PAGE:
Report: Nuke dump fire preventable
ALBUQUERQUE, New Mexico (AP) — The truck that caught fire a half mile underground at a southeastern New Mexico nuclear waste dump was 29 years old, improperly maintained and operating without an automatic fire-suppression system, according to a report to be released Friday.
The report also will detail deficiencies in emergency training and responses at the Waste Isolation Pilot Project (WIPP) near Carlsbad.
“It was preventable,” Ted Wyka, a Department of Energy official who led the investigation, told a community meeting on Thursday evening as he previewed the findings of the probe into the first of two back-to-back incidents at the federal government’s only permanent repository for waste from the nation’s nuclear bomb-building facilities.
An investigation of a radiation release nine days later that contaminated 17 workers is expected in a few weeks.
The report was previewed just hours after the contractor that runs the site confirmed it had demoted WIPP President Farok Sharif.
Wyka said the investigation of the truck fire did not reveal exactly what sparked the blaze, but he said the old truck that was hauling salt had a buildup of oil and other combustible materials as well as active leaks.
The fire probably started about 30 minutes before the driver saw the orange glow from the engine compartment and jumped out to try to extinguish it, he said. But the automatic fire-suppression system that might have detected the heat earlier was not active, Wyka said, and the fire extinguisher the driver sprayed on the truck apparently didn’t work.
While Wyka praised the 86 workers who were underground when the fire started around 11 a.m. on Feb. 5 for their response, he said a number of systems failed. For example, he said emergency strobe lights were not activated for five minutes, the command-center response was lacking and the investigation showed emergency training drills were inadequate.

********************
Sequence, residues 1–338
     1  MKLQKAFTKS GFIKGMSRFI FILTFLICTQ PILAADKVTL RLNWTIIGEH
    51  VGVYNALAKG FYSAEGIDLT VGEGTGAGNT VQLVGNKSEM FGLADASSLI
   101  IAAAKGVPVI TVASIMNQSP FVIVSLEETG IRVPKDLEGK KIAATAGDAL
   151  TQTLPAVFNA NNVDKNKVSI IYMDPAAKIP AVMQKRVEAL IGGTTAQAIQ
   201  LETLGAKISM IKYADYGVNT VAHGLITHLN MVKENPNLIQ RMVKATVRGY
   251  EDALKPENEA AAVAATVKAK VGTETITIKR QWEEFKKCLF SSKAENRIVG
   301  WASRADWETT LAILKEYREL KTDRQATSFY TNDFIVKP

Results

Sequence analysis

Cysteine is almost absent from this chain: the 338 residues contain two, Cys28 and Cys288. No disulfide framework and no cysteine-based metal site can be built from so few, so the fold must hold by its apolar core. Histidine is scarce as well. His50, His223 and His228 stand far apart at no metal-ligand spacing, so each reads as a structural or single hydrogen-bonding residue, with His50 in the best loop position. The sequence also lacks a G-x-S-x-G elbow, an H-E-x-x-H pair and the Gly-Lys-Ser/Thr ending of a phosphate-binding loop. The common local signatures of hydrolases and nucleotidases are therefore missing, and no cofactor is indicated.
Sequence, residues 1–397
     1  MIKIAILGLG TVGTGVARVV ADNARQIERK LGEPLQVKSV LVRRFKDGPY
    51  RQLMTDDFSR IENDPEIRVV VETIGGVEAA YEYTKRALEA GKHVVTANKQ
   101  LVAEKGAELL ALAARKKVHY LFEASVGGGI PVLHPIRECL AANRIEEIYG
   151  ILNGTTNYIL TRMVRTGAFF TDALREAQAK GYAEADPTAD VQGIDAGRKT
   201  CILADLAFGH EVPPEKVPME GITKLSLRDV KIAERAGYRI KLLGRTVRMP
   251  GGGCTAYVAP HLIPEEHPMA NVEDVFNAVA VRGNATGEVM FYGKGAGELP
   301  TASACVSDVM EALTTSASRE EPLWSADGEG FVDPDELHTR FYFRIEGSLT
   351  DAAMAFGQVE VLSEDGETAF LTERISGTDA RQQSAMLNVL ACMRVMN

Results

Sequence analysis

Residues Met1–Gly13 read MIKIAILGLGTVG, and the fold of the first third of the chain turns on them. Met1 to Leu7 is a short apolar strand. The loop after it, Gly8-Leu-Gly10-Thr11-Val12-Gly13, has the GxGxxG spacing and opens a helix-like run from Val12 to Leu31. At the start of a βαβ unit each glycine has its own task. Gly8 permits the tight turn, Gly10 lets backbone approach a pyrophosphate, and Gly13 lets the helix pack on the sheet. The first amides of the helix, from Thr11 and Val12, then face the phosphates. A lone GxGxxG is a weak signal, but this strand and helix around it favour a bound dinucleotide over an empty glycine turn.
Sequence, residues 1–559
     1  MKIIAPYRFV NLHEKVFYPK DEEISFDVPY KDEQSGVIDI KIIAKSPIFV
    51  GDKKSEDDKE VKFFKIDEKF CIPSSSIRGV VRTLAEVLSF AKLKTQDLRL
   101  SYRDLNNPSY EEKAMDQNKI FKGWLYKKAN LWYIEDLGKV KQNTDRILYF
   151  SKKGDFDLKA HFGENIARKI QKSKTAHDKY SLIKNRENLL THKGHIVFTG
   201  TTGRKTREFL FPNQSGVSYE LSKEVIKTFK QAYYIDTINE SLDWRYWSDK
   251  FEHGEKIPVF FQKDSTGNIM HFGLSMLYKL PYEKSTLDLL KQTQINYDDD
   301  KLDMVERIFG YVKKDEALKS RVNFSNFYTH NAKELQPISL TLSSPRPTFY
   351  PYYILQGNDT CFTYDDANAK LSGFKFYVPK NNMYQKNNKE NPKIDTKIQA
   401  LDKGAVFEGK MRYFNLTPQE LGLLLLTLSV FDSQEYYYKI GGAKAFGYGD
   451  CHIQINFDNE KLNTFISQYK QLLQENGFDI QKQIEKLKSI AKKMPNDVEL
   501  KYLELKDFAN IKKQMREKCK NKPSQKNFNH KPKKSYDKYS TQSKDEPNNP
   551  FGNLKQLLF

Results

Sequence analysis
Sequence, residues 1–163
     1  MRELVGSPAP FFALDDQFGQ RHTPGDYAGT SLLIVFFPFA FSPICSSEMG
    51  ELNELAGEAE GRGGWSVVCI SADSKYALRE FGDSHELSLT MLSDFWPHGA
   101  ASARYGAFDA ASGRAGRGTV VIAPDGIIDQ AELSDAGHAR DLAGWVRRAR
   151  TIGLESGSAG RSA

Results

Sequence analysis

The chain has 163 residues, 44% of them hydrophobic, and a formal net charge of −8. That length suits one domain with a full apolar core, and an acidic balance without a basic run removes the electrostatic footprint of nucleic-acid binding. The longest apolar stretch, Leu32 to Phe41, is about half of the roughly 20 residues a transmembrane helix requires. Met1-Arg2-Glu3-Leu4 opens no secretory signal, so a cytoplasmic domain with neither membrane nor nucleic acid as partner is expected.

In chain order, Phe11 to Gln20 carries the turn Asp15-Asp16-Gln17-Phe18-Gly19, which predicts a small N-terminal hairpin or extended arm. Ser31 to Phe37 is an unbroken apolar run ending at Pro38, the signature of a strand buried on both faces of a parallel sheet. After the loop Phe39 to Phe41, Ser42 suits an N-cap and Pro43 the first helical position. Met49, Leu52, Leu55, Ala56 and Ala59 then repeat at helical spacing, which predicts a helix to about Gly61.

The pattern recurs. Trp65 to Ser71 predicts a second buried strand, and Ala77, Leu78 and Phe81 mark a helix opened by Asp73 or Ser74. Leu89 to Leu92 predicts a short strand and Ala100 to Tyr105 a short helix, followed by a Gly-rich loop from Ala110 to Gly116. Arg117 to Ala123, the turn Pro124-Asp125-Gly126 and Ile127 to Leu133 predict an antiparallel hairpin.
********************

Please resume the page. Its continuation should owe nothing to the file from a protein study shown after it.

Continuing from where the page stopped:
Six workers were treated for smoke inhalation after the fire.
“We were pretty lucky that day,” he said. ”... Despite all the safety systems that sort of let them down, the workforce down in the mine that day was very calm, collected and in many ways heroic.”
Wyka said the workers “did everything they could” to notify colleagues to get out, even before the evacuation alarm sounded. “Some stayed behind to make sure everyone got in the elevator to get out.”
The biggest lesson, he said, is about the mindset at the site.
“This is not just a mine, not just an operating nuclear facility — this is both,” Wyka said, noting that trucks used in the part of the mine where waste is hauled are kept much cleaner than the old trucks used to haul salt in the tunnels. They also have active fire-suppression systems.
WIPP is the nation’s only deep underground nuclear waste repository and a cornerstone of the Energy Department’s $5 billion-a-year program for cleaning up waste scattered at federal labs across the country from decades of making nuclear bombs.
Waste shipments to the dump were halted after the truck fire. Nine days later, a radiation release shuttered all operations.